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Freedom's GardenerJames F. Brown, Horticulture, and the Hudson Valley in Antebellum America$
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Myra B. Young Armstead

Print publication date: 2012

Print ISBN-13: 9780814705100

Published to NYU Press Scholarship Online: March 2016

DOI: 10.18574/nyu/9780814705100.001.0001

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Cultural Meanings of Gardening

Cultural Meanings of Gardening

Chapter:
(p.70) 5 Cultural Meanings of Gardening
Source:
Freedom's Gardener
Author(s):

Myra B. Young Armstead

Publisher:
NYU Press
DOI:10.18574/nyu/9780814705100.003.0005

In early and antebellum America, gardening was more than an application of science to fruit, vegetable, and flower cultivation. It was a way to affirm male hegemony, one's social class, civic virtue, commitment to a dominant American political economy, and one's respectability. Among the nation's black population, the forms that gardening sometimes took often reflected African farming and aesthetic norms. This chapter examines where James F. Brown stood in relation to these possibilities. It argues that as a gardener-employee Brown promoted the goals of leading horticulturalists; according to contemporary conceptions, his work by definition assisted in improving the moral climate, and his displays helped make the “gradual improvement in our [American] markets clearly manifest,” as a New York agricultural periodical explained garden shows. Gardening also provided a structure for Brown to prove his self-moderation and steadiness of character.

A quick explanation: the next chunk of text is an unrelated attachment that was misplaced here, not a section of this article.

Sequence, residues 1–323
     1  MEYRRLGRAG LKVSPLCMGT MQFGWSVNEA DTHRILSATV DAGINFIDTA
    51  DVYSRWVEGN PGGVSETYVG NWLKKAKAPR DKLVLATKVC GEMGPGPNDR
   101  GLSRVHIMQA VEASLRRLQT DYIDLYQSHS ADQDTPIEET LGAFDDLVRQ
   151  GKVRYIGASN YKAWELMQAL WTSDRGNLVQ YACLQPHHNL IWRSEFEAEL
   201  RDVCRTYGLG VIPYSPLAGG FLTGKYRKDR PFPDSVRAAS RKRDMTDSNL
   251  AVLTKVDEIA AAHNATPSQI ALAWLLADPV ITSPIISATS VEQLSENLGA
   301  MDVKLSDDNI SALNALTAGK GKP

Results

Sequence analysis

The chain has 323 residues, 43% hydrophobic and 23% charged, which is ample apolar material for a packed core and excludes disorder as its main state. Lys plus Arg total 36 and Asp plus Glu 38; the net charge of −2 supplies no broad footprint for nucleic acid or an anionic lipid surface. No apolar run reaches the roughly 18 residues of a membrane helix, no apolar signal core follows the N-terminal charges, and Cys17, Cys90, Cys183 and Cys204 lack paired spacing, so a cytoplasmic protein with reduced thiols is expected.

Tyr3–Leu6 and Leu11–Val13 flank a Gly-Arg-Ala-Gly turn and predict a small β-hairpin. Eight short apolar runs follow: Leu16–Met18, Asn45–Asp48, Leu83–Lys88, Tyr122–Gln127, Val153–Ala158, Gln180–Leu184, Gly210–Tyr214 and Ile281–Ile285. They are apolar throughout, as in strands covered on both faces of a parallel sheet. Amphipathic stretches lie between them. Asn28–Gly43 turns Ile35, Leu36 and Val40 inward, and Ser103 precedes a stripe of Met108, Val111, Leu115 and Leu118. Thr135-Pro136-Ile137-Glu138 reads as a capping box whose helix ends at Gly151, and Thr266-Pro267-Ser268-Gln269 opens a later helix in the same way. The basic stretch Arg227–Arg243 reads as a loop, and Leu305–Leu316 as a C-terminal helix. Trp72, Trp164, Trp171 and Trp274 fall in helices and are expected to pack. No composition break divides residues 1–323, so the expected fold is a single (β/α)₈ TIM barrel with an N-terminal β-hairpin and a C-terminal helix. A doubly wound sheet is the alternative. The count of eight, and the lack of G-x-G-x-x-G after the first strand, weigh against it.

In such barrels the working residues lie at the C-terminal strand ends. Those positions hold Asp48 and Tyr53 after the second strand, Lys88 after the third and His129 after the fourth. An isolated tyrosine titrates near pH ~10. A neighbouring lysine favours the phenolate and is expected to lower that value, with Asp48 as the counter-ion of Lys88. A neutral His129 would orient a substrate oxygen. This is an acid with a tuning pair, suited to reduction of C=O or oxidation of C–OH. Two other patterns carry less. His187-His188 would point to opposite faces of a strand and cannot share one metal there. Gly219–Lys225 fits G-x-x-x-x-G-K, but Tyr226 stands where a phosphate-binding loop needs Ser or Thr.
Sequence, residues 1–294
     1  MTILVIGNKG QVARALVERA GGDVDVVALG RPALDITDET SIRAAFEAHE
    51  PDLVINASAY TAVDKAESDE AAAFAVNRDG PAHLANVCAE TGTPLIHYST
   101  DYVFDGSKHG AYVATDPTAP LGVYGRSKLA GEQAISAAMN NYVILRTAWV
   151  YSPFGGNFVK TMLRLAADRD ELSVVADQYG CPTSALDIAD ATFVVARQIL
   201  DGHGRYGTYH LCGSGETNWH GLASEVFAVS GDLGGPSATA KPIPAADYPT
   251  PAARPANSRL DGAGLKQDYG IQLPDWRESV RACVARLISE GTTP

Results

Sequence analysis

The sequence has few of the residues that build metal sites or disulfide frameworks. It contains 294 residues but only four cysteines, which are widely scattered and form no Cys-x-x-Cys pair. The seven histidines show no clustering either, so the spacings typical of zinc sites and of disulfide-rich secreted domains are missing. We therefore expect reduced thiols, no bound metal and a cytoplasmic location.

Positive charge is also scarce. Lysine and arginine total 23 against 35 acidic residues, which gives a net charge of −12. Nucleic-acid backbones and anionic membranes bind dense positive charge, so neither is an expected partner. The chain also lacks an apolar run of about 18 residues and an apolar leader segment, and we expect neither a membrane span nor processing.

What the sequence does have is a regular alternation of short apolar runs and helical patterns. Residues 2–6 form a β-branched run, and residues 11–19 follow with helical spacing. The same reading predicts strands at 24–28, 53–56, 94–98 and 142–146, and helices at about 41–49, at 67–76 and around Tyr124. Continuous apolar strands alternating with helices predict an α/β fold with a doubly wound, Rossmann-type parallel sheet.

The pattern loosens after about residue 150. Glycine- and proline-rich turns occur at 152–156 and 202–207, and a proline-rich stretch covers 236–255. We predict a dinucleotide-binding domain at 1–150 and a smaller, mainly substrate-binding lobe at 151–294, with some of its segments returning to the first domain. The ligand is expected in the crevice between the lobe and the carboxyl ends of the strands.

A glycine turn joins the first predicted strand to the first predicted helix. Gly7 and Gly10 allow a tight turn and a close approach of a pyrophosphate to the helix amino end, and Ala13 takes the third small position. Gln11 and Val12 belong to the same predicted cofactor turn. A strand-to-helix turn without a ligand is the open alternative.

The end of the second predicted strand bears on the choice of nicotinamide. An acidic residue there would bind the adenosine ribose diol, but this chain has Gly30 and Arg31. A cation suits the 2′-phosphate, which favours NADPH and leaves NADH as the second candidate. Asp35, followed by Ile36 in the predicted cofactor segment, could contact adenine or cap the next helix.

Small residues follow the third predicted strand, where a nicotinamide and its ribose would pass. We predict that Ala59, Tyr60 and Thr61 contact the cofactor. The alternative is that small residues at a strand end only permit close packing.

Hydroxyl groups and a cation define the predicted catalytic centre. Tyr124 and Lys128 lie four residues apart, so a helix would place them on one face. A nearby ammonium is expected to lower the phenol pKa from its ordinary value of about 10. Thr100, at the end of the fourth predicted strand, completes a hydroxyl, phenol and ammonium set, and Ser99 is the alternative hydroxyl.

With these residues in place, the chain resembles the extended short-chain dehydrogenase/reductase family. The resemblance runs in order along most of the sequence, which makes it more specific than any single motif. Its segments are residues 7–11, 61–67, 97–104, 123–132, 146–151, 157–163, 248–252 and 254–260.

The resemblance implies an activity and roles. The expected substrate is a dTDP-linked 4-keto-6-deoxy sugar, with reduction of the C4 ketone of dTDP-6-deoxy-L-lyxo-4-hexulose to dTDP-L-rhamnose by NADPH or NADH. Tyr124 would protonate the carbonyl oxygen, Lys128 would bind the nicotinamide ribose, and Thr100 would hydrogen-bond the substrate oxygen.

Keywords:   James F. Brown, gardening, blacks, African farming, horticulture, antebellum America, male hegemony

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